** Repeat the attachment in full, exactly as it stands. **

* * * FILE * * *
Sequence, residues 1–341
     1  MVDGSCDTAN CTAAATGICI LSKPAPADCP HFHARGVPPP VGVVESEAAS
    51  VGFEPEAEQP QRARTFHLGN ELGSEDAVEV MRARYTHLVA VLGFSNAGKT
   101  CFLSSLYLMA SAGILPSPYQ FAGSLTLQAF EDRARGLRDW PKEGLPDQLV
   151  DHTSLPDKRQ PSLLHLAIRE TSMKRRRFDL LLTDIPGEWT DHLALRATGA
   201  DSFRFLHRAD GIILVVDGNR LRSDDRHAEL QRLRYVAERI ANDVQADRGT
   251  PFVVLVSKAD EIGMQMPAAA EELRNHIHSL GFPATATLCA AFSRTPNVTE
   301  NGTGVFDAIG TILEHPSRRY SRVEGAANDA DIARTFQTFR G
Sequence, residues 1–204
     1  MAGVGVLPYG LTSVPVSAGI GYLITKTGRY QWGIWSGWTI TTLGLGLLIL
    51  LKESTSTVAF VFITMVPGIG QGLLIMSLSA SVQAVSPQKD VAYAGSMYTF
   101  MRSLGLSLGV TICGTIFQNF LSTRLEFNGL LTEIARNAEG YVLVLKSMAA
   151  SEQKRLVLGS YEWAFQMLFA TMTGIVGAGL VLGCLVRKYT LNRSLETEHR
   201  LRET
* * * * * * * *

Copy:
Sequence, residues 1–341
     1  MVDGSCDTAN CTAAATGICI LSKPAPADCP HFHARGVPPP VGVVESEAAS
    51  VGFEPEAEQP QRARTFHLGN ELGSEDAVEV MRARYTHLVA VLGFSNAGKT
   101  CFLSSLYLMA SAGILPSPYQ FAGSLTLQAF EDRARGLRDW PKEGLPDQLV
   151  DHTSLPDKRQ PSLLHLAIRE TSMKRRRFDL LLTDIPGEWT DHLALRATGA
   201  DSFRFLHRAD GIILVVDGNR LRSDDRHAEL QRLRYVAERI ANDVQADRGT
   251  PFVVLVSKAD EIGMQMPAAA EELRNHIHSL GFPATATLCA AFSRTPNVTE
   301  NGTGVFDAIG TILEHPSRRY SRVEGAANDA DIARTFQTFR G
Sequence, residues 1–204
     1  MAGVGVLPYG LTSVPVSAGI GYLITKTGRY QWGIWSGWTI TTLGLGLLIL
    51  LKESTSTVAF VFITMVPGIG QGLLIMSLSA SVQAVSPQKD VAYAGSMYTF
   101  MRSLGLSLGV TICGTIFQNF LSTRLEFNGL LTEIARNAEG YVLVLKSMAA
   151  SEQKRLVLGS YEWAFQMLFA TMTGIVGAGL VLGCLVRKYT LNRSLETEHR
   201  LRET